PROVIDENCE, R.I. (WJAR) — A landmark study may lead to a new treatment for Alzheimer’s disease.
The study, published in the journal Nature, involved 165 people from all over the country with early stage Alzheimer’s disease.
Norman James was one of those participants at Butler Hospital. He first went there three years ago because of symptoms that were bothering him.
“Forgetfulness was the major thing,” said James. “Names and faces and persons and things that I couldn’t bring up.”
“Norman really knew it himself enough so that he called and followed up here with Dr. Salloway,” said James’ wife, Elaine.
That diagnosis led to him taking part in the Prime Study, looking at an experimental drug called Aducanumab.
“It’s a big deal,” said Dr. Stephen Salloway, director of Butler’s Memory and Aging Program.
“So, this drug in this trial substantially lowered the amyloid plaque from the brain at higher doses and the degree of lowering is really unprecedented,” Salloway said.
It’s amyloid that builds up in the brains of Alzheimer’s patients.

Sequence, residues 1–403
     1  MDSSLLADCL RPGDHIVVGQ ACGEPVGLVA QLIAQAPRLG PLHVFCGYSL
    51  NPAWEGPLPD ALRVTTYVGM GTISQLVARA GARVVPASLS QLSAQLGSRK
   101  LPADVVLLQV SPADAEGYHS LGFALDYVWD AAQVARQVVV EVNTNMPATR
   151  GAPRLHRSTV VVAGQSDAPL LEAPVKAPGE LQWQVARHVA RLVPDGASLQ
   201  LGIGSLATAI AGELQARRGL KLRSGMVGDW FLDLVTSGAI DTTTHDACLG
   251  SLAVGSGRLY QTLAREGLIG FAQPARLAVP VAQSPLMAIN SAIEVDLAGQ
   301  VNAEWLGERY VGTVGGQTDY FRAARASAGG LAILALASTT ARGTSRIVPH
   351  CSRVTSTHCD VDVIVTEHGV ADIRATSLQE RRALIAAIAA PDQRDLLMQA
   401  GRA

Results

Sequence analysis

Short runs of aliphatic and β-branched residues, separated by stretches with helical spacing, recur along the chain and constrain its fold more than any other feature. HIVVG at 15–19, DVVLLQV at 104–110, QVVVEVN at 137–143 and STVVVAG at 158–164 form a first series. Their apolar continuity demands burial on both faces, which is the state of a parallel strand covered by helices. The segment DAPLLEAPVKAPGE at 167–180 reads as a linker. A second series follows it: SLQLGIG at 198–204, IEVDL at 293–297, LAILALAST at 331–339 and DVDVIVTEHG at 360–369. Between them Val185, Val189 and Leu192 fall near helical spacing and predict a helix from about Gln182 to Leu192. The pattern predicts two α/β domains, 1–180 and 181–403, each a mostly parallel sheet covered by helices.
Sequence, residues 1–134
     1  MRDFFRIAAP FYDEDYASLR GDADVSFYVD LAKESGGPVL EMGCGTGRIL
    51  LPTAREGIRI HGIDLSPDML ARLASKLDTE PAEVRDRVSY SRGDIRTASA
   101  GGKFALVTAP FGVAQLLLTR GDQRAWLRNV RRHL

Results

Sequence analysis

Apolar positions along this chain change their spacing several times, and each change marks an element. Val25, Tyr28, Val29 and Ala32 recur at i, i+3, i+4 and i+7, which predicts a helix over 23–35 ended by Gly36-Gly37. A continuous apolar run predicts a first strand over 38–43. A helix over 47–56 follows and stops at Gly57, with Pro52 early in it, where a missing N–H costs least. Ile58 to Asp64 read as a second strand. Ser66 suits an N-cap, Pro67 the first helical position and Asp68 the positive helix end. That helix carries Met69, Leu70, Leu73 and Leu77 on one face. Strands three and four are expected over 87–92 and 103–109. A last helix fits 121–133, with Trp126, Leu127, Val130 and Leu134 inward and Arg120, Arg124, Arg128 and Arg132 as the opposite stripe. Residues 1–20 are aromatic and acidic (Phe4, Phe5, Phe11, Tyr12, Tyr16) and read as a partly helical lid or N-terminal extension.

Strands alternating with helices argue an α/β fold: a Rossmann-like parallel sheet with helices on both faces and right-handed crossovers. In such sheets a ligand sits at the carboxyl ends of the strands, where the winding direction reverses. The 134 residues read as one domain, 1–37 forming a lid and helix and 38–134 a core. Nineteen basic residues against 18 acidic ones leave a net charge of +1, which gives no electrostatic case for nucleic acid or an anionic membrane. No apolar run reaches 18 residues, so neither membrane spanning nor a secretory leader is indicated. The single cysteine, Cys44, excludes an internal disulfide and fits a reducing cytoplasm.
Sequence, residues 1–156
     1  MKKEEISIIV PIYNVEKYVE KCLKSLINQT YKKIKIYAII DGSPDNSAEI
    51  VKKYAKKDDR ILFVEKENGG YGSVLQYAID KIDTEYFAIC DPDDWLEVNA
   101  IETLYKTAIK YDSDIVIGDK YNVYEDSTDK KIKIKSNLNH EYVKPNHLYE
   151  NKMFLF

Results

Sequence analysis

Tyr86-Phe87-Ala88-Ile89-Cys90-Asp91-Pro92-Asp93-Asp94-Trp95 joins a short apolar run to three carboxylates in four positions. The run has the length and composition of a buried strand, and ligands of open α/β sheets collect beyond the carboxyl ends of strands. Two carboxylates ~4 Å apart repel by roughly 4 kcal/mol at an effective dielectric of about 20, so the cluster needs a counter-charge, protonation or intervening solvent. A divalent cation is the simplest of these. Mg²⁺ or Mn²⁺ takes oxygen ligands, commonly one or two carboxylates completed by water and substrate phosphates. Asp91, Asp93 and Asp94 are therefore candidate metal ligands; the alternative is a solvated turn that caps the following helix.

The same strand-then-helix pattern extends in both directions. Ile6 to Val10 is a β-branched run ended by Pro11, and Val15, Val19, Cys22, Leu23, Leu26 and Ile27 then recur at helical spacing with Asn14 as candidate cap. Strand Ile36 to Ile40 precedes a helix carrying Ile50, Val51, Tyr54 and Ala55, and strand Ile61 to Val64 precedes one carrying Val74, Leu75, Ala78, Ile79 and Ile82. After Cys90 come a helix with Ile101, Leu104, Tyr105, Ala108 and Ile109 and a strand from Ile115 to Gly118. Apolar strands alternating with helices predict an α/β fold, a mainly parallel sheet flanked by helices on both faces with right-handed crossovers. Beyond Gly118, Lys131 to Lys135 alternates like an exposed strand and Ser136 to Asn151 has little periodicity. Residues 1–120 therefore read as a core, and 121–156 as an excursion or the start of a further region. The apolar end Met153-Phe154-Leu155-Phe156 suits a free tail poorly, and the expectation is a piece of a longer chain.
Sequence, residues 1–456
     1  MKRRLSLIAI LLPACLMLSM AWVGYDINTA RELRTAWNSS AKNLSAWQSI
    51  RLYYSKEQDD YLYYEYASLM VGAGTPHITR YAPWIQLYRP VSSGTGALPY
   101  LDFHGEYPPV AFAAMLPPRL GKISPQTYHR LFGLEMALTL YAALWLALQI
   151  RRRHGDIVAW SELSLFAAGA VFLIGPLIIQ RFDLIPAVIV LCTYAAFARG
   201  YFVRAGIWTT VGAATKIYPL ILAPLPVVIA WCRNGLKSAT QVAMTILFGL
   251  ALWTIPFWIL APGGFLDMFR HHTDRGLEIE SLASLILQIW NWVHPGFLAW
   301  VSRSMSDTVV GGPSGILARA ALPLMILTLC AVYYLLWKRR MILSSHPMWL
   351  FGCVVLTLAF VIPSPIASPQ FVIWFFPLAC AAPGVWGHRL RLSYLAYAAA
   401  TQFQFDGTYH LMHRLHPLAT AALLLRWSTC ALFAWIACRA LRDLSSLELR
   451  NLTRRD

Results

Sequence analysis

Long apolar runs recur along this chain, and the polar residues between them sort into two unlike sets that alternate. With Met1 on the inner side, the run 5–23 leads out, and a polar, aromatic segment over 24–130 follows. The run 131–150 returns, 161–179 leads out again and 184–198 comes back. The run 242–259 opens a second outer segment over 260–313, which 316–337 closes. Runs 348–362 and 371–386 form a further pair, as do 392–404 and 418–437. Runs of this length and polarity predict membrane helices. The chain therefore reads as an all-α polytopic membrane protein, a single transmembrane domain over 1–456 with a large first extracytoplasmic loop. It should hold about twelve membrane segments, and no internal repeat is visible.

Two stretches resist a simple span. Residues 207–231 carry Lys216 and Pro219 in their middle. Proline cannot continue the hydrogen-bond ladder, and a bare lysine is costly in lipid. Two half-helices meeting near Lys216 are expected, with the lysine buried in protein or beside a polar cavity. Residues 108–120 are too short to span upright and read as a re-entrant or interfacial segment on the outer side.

“And for the first time we showed that the lowering of amyloid was associated with a slowing of memory loss,” said Salloway. “That’s a big deal.”
Aducanumab is infused monthly. During the trial, neither James nor Salloway knew if he was getting the actual medicine. What is known is, for those who got it during the trial, there was a marked difference.
He showed us a PET scan of somebody before treatment and after. The after picture showed substantially lower amyloid.
And while we may never know if James received the actual drug during the trial, he is now and his memory tests are impressive.
“I can confirm that Mr. James is doing very well,” said Salloway.
“I think that he’s doing better,” said his James’s wife, Elaine. “And our children, although they don’t live locally, they think that dad is doing better.”
There are two trials, currently enrolling, to help confirm these early results.